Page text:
Hello and welcome to the podcast English for Life in the UK. This podcast is for those people who want to improve their English and, at the same time, learn more about life in this country. We believe that one of the key ways of improving your language skills is by listening to lots of different, native English speakers, talking about a range of subjects. So, in this podcast, which is aimed at intermediate and more advanced learners of English, we interview a number of people to talk about their jobs or their experiences.
We produce a transcript of each episode. The transcript is a written version of this episode and it includes footnotes which will help you to understand some of the more difficult vocabulary. The transcript is available a few days after the episode is published. Information about how to get the transcript and more about the work of our charity - the St Augustine's Centre - will be given at the end of this episode.
Today, we are interviewing Heidi Waters, who is one of the senior managers for our local government: our Local Authority area, which is called Calderdale. Heidi is the senior manager dealing with Housing and that is the topic that we discuss with her. I hope you find it useful.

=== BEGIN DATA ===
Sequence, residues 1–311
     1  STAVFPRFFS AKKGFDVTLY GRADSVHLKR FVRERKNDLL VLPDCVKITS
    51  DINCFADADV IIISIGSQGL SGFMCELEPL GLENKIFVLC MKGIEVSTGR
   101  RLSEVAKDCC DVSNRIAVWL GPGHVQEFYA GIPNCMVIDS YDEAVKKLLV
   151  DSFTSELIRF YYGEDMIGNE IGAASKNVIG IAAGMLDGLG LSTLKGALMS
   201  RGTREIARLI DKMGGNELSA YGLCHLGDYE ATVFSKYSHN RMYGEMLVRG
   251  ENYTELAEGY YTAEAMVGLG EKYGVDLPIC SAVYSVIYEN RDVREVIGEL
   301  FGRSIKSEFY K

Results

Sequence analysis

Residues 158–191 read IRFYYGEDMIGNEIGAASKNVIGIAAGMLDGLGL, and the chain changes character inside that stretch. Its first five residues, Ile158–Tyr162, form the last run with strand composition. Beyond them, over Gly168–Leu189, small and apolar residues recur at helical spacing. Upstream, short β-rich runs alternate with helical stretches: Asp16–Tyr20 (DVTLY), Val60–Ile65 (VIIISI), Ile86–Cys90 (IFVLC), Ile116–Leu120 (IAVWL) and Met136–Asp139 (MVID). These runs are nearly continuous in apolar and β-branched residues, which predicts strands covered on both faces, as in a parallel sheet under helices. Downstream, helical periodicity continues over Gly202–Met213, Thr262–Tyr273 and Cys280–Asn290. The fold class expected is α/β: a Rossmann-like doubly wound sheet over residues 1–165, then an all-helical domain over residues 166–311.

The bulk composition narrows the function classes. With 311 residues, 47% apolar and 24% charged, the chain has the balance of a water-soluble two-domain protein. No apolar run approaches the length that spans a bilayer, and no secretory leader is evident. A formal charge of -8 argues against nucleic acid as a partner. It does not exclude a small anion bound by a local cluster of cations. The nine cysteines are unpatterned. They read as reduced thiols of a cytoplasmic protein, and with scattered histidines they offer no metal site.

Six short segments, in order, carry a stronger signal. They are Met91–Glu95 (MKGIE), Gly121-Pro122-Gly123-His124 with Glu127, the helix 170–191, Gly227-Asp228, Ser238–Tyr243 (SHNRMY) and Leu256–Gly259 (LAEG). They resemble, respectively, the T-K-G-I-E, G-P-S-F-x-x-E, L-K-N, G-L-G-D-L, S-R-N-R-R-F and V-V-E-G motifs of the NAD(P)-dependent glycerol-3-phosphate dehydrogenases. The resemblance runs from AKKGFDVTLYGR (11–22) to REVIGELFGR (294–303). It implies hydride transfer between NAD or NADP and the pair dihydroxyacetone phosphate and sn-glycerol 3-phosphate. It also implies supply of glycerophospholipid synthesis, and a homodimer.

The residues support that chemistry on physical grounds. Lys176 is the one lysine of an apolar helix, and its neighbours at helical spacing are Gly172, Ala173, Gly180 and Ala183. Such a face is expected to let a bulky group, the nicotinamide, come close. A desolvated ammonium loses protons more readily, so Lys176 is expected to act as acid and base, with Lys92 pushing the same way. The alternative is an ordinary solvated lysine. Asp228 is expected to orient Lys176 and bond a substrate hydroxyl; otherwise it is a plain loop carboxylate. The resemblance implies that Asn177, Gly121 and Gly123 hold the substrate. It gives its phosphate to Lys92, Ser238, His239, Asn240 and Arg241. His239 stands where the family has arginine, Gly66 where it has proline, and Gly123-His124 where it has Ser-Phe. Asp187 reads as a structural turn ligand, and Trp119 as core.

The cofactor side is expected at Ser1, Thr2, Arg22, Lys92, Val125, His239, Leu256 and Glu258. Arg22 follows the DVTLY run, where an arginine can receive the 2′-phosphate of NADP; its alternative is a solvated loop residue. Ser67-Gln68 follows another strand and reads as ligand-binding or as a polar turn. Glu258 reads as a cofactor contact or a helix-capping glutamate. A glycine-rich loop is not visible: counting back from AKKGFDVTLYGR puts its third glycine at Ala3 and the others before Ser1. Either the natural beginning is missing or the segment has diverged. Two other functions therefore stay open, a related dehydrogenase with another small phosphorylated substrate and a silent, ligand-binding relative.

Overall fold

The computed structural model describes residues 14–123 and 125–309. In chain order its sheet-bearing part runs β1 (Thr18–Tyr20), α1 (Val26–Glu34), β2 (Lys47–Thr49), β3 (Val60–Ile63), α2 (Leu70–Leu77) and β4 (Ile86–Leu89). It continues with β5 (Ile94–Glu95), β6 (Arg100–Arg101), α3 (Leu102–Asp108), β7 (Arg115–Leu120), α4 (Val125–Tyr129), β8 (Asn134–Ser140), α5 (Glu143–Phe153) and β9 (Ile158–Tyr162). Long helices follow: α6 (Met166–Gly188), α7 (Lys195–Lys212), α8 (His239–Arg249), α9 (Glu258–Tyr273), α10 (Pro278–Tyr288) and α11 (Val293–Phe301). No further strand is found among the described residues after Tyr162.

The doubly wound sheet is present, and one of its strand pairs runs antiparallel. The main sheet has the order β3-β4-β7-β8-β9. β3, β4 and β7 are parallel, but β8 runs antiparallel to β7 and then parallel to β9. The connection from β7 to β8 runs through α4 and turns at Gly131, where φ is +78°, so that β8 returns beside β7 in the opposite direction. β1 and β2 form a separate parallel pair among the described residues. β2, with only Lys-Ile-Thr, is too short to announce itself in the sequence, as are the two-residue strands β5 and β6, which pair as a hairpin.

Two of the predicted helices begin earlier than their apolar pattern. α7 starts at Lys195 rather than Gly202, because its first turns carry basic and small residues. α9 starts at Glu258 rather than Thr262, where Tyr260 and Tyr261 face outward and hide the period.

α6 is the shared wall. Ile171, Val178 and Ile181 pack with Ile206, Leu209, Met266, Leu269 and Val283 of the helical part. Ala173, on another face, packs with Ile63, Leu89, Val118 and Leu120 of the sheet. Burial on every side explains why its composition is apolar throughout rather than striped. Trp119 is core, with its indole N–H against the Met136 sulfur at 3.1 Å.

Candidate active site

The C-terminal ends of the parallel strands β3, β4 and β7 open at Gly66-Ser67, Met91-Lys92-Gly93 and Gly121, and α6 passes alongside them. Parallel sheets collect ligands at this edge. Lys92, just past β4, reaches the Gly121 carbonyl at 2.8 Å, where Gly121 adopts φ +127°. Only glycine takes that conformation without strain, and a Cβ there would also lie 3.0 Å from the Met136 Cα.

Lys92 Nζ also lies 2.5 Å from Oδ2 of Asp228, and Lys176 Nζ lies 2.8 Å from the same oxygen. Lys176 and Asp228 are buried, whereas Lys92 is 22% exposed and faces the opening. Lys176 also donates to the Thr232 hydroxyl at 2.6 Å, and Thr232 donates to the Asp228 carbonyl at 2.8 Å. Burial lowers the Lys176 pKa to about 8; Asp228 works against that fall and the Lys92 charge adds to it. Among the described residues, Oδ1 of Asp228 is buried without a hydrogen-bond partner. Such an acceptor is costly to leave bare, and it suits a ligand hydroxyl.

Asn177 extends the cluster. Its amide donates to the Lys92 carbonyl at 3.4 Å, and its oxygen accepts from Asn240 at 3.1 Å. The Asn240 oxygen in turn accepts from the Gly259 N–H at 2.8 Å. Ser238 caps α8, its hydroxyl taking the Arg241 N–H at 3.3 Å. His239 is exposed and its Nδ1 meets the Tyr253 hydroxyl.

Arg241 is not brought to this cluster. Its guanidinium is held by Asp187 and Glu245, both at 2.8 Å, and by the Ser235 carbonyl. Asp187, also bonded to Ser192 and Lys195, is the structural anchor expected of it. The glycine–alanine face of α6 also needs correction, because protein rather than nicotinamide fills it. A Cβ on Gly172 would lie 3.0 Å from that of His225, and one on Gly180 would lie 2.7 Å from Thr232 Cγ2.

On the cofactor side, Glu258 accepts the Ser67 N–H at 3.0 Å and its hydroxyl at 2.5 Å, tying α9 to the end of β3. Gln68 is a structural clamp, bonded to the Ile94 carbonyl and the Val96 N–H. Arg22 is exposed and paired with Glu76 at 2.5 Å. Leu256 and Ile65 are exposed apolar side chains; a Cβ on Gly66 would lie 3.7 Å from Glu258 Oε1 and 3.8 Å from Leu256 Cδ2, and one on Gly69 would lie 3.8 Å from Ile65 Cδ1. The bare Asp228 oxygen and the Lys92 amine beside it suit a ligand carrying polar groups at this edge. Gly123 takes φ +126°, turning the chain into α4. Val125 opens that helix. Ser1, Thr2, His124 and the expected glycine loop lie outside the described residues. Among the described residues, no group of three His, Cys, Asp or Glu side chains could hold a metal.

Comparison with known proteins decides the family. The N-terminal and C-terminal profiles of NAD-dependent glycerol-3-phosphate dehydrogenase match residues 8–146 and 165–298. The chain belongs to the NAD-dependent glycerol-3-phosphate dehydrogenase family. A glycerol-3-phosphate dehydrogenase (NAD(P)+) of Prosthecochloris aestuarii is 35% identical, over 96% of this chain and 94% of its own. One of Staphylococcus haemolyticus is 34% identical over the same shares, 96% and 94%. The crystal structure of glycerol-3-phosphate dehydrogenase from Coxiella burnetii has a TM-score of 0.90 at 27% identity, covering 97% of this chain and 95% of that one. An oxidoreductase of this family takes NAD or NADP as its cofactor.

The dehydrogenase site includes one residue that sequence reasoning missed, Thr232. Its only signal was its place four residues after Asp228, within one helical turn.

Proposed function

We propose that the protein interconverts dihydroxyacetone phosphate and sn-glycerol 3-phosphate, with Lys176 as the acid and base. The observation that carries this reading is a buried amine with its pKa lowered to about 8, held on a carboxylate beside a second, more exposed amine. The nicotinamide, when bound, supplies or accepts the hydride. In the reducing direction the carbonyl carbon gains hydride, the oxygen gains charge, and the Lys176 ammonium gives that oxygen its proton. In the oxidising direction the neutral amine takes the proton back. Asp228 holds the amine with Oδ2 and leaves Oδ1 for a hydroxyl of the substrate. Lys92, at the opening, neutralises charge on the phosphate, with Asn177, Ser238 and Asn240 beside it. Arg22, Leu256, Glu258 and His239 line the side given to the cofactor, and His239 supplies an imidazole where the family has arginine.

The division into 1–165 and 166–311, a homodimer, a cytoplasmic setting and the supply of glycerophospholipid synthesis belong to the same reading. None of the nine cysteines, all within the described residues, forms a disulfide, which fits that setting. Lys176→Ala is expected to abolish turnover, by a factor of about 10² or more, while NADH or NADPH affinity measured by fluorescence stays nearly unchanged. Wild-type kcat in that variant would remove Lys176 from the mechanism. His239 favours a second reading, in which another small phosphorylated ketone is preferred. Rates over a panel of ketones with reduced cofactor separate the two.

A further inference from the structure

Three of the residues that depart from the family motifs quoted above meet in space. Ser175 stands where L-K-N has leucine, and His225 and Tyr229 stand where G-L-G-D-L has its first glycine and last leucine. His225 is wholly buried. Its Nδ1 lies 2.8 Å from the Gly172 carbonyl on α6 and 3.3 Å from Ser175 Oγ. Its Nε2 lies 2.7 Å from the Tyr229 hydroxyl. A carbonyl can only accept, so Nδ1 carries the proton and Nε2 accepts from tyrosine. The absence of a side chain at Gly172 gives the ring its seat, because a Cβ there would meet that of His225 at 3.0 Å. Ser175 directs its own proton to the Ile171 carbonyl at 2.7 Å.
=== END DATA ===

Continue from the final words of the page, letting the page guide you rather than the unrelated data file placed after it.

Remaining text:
(Music) (2 minutes: 17 seconds)
Well, I'm delighted to say that today, we've got with us Heidi Waters. Heidi is the Strategic Housing Delivery Manager for Calderdale Council. So - thank you very much, Heidi, for joining us.
You're welcome. Thank you for having me.
Tell us - tell our listeners just a little bit about yourself and about the job that you have now.
Well - I came to Calderdale when I was 21 years old. I don't think I'm giving anything away by saying that's 28 years ago, nearly, now. And I joined Calderdale Council as a Housing Officer and have stayed with Calderdale all of my career. I feel I've been really lucky having lots of opportunities to do lots of different things. Obviously, my current role means I lead the Housing Service. I'm also .... I also have responsibility for climate change .... the climate change agenda which, obviously, is a really important piece of work. So - two quite chunky pieces of work. So, I have done lots of other things as well, in my career, that people might not expect. So, I've managed Environmental Health teams and I was also, for a number of years, responsible for the Waste Management Service, in Calderdale, which means the bins being collected and [rubbish being] disposed of, so quite a varied career but always being with Calderdale Council. And I have to say, I love it. I feel very lucky to do what I do.
And are you ... were you born and brought up in this area, Heidi?